Three, the Liberals policy on “Green Energy” is not a prudent expenditure of our money. The capital costs of putting up a windmill will only be theoretically recouped by a incredibly long pay back window. Likely never. A business case that no successful investor would ever undertake out of his own pocket.
    I can only conclude my tax dollars are not real world dollars in funding these ill-advised forays. I must challenge if your party is genuinely interested in best serving the needs of the vast majority of Ontarians.

    Four, the most egregious betrayal of our trust in you as public servants, is your policy selling out of Ontarians by the selling off Hydro One. Most of the fire sale pricing will fund transportation upgrades for Toronto (high density votes) that has little or no value to other Ontarians outside the GTA.
    Further why have you legislated gag orders on the Auditor-Generals office, which up to now has been the impartial watchdog on the efficacy of your energy policies? Having the vested interest of the OEB to oversee your spending appears to be “sharp” accounting.
    Once the Chinese, or whoever end up owning the grid that you are planning to offer at a garage sale, who knows how much worse the current situation may get? Safe bet it’s not going to get better.

    As to item One, last month for example, I used $70.93 of metered electricity. I worked very hard to keep 72% of metered usage “Off-peak”. This accomplished by my own austerity program:

    Cooking hot meals after 7 pm or in one case, before 7 am to roast a Christmas turkey in the oven at 4 am.
    Hot showers involve opening the electrical breaker in my service panel to prevent the water tank elements energizing during peak hours, (which of course is most of the day).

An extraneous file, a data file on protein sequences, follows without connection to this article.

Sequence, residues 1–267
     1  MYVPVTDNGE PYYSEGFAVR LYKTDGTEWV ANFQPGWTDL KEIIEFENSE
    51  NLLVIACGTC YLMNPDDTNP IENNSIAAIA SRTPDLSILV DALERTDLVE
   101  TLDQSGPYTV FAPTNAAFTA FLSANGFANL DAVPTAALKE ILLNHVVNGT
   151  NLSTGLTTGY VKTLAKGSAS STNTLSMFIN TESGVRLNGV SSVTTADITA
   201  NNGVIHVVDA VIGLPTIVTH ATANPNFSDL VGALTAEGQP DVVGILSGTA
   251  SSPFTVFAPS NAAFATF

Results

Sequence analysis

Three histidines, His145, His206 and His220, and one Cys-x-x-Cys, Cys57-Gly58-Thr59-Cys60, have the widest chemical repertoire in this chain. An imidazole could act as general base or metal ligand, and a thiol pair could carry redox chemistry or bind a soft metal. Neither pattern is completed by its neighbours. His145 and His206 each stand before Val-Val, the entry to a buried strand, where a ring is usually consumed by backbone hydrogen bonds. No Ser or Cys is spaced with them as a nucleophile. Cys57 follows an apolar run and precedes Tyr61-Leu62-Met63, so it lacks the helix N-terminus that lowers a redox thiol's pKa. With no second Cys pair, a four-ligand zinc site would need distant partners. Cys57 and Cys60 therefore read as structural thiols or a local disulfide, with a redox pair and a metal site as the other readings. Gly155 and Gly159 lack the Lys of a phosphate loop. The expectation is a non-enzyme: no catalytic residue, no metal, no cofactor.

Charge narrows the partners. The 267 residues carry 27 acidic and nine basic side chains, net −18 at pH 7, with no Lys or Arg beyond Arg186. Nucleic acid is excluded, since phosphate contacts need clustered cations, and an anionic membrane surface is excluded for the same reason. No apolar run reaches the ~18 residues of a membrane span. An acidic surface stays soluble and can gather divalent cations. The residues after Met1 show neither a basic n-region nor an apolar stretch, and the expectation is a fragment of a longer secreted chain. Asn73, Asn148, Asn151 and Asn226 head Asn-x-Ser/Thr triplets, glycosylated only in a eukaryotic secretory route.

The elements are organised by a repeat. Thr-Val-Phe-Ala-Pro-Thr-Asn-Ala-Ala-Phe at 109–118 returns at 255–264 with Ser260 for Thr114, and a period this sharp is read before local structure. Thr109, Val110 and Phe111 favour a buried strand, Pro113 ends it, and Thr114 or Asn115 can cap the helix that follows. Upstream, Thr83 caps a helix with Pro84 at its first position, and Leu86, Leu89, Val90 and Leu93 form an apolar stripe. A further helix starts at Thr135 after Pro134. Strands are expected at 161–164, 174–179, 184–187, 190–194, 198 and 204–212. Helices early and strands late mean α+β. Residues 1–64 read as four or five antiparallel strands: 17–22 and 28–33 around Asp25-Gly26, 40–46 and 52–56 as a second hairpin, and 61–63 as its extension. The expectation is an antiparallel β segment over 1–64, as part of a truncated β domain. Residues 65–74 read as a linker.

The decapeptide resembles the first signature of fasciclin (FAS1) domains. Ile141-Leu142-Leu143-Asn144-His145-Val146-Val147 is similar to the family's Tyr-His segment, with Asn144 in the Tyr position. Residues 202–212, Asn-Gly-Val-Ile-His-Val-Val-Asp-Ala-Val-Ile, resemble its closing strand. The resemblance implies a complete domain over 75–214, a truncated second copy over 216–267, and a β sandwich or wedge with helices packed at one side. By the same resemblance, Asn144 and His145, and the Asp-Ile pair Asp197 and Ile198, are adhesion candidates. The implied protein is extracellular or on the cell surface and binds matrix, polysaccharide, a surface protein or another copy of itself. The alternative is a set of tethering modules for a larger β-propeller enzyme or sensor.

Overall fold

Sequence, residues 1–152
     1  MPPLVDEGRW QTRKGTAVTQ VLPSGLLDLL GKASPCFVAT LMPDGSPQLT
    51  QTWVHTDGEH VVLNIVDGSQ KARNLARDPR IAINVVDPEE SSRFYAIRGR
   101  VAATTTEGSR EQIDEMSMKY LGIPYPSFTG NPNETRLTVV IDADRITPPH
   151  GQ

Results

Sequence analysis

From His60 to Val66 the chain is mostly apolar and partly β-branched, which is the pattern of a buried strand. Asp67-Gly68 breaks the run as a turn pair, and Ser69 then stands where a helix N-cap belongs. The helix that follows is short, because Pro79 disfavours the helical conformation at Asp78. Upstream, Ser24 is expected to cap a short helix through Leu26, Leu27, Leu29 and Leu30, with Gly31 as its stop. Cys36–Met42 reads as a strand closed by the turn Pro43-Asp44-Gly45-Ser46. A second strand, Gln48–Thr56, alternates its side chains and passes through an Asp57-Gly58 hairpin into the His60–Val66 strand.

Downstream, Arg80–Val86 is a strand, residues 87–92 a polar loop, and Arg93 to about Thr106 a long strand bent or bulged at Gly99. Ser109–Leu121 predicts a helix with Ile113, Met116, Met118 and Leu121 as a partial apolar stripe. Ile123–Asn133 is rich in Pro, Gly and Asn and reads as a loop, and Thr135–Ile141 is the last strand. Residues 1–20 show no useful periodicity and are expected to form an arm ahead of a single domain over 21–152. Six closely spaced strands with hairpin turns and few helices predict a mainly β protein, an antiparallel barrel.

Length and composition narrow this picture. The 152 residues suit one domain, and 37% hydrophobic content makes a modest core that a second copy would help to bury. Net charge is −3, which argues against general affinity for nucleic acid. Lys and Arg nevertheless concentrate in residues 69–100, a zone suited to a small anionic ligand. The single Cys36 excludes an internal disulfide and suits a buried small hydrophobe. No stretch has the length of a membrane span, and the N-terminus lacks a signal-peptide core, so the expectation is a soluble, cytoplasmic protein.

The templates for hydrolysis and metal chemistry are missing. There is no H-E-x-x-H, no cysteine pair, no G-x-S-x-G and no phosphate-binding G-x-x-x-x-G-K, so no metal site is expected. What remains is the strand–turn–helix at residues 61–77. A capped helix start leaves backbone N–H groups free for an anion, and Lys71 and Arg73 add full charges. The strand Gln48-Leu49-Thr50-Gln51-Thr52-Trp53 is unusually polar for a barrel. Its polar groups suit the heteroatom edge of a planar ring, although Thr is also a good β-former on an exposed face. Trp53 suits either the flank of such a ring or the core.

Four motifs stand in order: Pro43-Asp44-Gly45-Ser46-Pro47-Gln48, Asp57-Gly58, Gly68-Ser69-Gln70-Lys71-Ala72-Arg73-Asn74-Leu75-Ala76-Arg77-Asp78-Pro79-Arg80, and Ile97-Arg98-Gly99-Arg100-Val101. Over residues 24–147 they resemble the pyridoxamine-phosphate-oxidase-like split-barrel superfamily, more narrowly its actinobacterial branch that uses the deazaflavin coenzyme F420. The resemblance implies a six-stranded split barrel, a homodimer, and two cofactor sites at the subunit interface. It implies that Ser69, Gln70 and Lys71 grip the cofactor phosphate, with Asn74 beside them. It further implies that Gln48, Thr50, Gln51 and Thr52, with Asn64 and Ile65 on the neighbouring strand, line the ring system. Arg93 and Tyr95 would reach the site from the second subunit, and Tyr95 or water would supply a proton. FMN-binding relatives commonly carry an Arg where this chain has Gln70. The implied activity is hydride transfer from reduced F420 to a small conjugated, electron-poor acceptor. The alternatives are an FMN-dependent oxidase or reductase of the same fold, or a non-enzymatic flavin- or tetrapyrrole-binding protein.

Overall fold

The house temperature is kept between 62 and 65 degrees F (16.8 to 18.3 C) through the day, (This is not a vacant step back setting on a programmable thermostat- I’m here through most days, and this is what the house temperature set to).
    Using the vacuum cleaner, washer and dryer all used off hours as well.
    Extra bedding necessary overnight.
    Allow me to suggest to your and your colleagues to implement my conservation techniques for yourselves and families. I’m sure these strategies will be warmly embraced by all.

    Getting back to the bill, that metered amount of $70.93 ended up as $163.37. 43% of the overall bill was charged for actual electricity consumed, yet the overall billing is $163.37. Every month well over half my hydro bill are for fees to pay for non-metered charges!
    The actual kW/hr rate is not 18 cents. It’s closer to 48 cents kW/hr! Not even California’s electrical rates at the reputed highest in North America even remotely near this.
    Please explain to me how this is good value for myself and the Ontarians?

    Please explain the other concerns as well.
    We are far from sanguine, (both figuratively and literally) as a result of your energy decisions.

    Paul Coulter,
    Kincardine, ON

    Reply
  3. Dianne Richardson

    Our hydro one is not for sale Wynne! get the key word OUR HYDRO ONE !
    It is not yours to sell we get to speak on the sale!

    Reply
  4. Judy Kowalchuk

    Way to go Brian White and Grant Purdy for undertaking this to try to prevent the sale of Hydro One. I think it is deplorable what she is doing to our province and hydro is just one. Our rates are horrendous. Please keep up the good work. I hope people don’t just sit back and do nothing. I have been writing letters and signing petitions.

    Reply

Leave a Reply

  • (will not be published)

XHTML: You can use these tags: <a href="" title=""> <abbr title=""> <acronym title=""> <b> <blockquote cite=""> <cite> <code> <del datetime=""> <em> <i> <q cite=""> <s> <strike> <strong>